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confusion over focal length of lenses

Discussion in 'Adapted Lenses' started by grebeman, Nov 13, 2010.

  1. grebeman

    grebeman Mu-43 All-Pro

    Mar 13, 2010
    South Brent, south Devon (UK)
    Why is there so much fuss made about this aspect of m4/3 and this constant comparison to 35mm. Go back to basics. Take the diagonal of the negative, or sensor in this digital age and divide it by the focal length of the lens. The resulting number gives you a quotient (just a fancy way of saying a number) that gives you a measure of the angle of view of the lens. This is independent of the format of the camera.
    So a m4/3 sensor has a diagonal of just under 22mm, a 35mm negative has a diagonal of 43mm, a 21/4" square negative has a diagonal of 79mm, a 6x9 negative has a diagonal of 105mm, a 4x5" negative has a diagonal of 155mm. The standard lenses for these formats were always regarded as 50mm for 35mm, 80mm for 21/4" square, 105mm for 6x9 and 150mm for 4x5".
    When you divide the diagonal of the negative by the standard focal length for each format the result is approximately 1 for each of these. If you use a lens of shorter focal length the number obtained is greater than 1, if a longer focal length lens is used, the number is less than 1.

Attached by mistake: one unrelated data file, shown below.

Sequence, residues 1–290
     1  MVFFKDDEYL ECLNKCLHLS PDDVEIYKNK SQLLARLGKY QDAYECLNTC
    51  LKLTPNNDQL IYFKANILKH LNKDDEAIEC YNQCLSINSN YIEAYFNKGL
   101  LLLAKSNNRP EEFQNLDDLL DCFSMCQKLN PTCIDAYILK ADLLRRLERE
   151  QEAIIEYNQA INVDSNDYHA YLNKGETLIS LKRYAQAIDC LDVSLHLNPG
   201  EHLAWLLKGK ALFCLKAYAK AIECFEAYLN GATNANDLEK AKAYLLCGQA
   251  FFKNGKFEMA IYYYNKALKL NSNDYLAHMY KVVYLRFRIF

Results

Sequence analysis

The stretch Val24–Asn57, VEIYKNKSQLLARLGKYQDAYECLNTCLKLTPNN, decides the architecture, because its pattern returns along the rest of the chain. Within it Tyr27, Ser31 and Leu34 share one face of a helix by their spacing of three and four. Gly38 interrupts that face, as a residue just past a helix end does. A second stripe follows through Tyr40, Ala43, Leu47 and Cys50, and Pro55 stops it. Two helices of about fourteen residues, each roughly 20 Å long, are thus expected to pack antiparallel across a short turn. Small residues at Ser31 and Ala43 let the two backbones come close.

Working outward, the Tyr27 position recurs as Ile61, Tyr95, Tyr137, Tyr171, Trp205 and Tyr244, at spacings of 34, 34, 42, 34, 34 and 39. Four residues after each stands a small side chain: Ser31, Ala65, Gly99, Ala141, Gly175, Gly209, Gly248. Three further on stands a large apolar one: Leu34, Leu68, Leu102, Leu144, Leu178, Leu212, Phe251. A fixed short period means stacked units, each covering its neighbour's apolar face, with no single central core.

Therefore on m4/3 the standard lens should be about 22mm focal length, lets call it 20mm and for simplicity and easy calculation lets call the sensor diagonal 20mm
    Fit a 50mm focal length lens and do the simple mathmatics and the result is 20/50 = 0.4, therefore on m4/3 a 50mm lens is a long focal length lens, on 35mm the result is 43/50 = 0.86, on 21/4" the result is 79/50 = 1.58. Exactly the same focal length lens, different results on each format, different perspective obtained.

    diagonal/focal length vs angle of view
    0.35 = 20 deg
    0.54 = 30 deg
    0.73 = 40 deg
    0.93 = 50 deg
    1.15 = 60deg
    1.40 = 70 deg
    1.68 = 80 deg
    2.00 = 90 deg
    2.38 = 100 deg
    2.86 = 110 deg

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  2. I personally have no problems with the traditional means of relating the field-of-view (FOV) or angle-of-view of a lens back to an equivalent focal length lens on a 35mm film frame. It has effectively become a base unit relative to the most widely used photographic format of the last century. Just as base units of mass, force, etc relate back to a measurement which may no longer mean anything to us, the same will most likely happen with lens classification as 35mm film becomes a distant memory.